However, as mentioned earlier the go-to statute for prosecuting cyber crimes remains to be CFAA, and for very good reasons. It encompasses mostly all aspects of typical cybercrimes and provides both a civil and criminal remedy to the aggrieved. Another relevant law would be the Electronic Communications Act (ECPA) which protects communications in storage or while in transit e.g. email services. Again being a federal structure the advantage lies with the states to pass and enact laws that they think can be beneficial for the population of their state. E.g. New York prohibits the use of computers with the specific intention to gain access to its materials and deals out severe penalties such as prison time varying from 4-15 years depending on the severity of the crime.
Overreaching effects of the law
As much as it is there to protect and serve the innocent, sometimes a loose framing, ill-defined, or expansively wide interpretation can have a boomerang effect. Having state-backed law enforcement agencies throwing your liberty and freedom out of the window based on their own set of paranoid allegations is just as bad as being a victim of a crime. The following are an example of the same:
Van Burne vs United States
Former Georgia police sergeant Nathnan Van Burne was convicted under the CFAA for accessing the law enforcement database to search for information regarding a license plate in exchange for money. Unknown to Mr. Van Burne he was in the crosshairs of an FBI sting operation. The charges brought against him were for “intentionally accessing a computer without authorization or exceeding authorized access”. Mr. Van Buren was found guilty by the jury and was sentenced to 18 months in prison. Fortunately, the decision was reviewed and overturned by a 5 judge bench that believed the interpretation used was draconian and stated that if violating terms of service is labelled as a crime without investigating the situation through and through, private companies would put half the nation behind bars by now.
Aaron Swartz was an Internet activist who was indicted in 2011 for allegedly connecting to a network and downloading 2.7M academic copies that were anyway freely available to be downloaded from JSTOR. Although JSTOR did not press any charges for the same, the Justice Department took it upon themselves and charged Swartz with 13 counts of felonies as he faced 50 years in prison and a potential fine of 50M USD.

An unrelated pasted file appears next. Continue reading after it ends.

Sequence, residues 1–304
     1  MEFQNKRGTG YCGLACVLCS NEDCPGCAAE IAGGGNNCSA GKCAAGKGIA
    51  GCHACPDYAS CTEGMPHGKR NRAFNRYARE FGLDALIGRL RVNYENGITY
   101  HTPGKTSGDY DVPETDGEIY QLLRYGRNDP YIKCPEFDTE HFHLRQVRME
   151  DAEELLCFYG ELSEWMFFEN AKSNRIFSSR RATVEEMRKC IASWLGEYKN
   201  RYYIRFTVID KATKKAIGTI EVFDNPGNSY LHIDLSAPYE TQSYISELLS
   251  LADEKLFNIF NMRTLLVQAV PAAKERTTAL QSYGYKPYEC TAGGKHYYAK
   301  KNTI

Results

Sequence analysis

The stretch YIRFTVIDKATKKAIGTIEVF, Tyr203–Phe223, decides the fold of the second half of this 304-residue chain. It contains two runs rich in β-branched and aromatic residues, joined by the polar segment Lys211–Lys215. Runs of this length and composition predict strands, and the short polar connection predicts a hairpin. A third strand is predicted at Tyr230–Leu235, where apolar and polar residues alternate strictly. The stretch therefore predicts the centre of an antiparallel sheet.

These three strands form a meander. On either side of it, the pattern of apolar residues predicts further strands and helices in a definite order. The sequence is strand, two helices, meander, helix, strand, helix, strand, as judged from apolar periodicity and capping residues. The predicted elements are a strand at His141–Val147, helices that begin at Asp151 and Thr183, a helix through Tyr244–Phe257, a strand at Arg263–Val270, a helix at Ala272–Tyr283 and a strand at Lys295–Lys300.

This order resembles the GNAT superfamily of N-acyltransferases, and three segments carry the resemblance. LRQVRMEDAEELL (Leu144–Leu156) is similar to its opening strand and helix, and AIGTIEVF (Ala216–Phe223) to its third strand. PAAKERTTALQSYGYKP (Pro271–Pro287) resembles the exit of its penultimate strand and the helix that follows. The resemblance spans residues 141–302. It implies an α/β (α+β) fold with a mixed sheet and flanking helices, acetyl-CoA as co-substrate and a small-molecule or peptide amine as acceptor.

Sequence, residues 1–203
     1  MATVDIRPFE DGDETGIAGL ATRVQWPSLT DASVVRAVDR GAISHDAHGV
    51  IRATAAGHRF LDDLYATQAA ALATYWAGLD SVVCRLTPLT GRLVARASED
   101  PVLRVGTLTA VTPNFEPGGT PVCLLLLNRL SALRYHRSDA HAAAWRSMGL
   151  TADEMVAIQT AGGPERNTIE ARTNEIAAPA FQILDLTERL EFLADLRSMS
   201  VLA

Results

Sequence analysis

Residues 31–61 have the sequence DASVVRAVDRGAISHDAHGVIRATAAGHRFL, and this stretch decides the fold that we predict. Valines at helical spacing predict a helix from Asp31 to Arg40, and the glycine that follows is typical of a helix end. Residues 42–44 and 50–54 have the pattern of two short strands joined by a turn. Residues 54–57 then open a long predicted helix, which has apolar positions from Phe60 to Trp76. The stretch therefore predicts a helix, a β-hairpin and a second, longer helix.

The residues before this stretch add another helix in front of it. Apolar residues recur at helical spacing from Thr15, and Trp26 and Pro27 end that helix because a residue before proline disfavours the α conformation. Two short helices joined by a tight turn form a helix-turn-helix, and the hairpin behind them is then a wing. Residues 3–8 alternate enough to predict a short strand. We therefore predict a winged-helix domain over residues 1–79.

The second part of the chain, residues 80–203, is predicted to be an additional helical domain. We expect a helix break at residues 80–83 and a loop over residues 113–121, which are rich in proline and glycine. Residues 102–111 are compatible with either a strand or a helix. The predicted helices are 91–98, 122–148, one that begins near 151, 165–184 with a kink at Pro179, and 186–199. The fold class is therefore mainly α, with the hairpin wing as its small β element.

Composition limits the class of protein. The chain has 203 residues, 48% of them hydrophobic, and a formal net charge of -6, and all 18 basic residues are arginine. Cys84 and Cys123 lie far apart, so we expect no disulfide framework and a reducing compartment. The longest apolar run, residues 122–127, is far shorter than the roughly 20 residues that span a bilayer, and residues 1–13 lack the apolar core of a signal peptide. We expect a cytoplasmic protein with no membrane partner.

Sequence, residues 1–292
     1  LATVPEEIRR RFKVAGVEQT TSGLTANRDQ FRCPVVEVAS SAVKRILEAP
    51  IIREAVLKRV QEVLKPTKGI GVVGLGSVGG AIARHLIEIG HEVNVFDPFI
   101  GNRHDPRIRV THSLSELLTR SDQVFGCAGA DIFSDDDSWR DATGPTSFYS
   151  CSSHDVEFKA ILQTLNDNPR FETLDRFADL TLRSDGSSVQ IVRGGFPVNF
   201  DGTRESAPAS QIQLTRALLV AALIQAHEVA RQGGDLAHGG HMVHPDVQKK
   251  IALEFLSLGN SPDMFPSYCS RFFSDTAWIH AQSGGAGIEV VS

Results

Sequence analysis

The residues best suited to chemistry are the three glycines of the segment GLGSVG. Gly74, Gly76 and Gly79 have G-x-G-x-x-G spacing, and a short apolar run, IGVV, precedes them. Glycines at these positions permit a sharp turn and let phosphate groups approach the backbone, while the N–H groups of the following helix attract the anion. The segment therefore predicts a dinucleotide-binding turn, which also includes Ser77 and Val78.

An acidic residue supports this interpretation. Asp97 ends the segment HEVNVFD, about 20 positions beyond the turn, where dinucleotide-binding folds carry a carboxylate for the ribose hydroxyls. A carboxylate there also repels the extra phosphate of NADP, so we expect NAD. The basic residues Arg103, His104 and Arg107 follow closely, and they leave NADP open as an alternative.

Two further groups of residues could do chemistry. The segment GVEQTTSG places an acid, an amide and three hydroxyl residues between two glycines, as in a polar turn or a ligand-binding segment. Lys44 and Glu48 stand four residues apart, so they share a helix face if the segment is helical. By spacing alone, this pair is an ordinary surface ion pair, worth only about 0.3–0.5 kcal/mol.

This indictment could be validated because of the loose framing of the CFAA for a crime that should have at the most attracted a decision of misdemeanour.
Lori Drew was a middle-aged mother charged with hacking in 2008 for violating the terms of MySpace after she conspired with three other people to open a fake account and bully a girl who had a fallout with Drew’s daughter. The girl subjected to the bullying later went on to commit suicide. Under public pressure, the statutes of CFAA were again interpreted at will, and Lori Drew in absence of any law against cyberbullying was charged with unauthorized access to MySpace’s computers. Although the jury found her guilty, the judge refused the conviction and stated the CFAA was constitutionally vague and would open multiple innocent internet users into criminal charges if this was allowed.
The above article was a brief attempt to differentiate and understand the state of Cybercrime and Cyber laws in the US. Along With an increase in the usage and power of cyberspace, there needs to be commensurate protection via laws against all forms of cyber-crime. Hopefully, through this article, the reader will have an opportunity to grasp some material information regarding the laws in the USA protecting people from cybercrimes and leave with a better picture of the current state of affairs in the matter.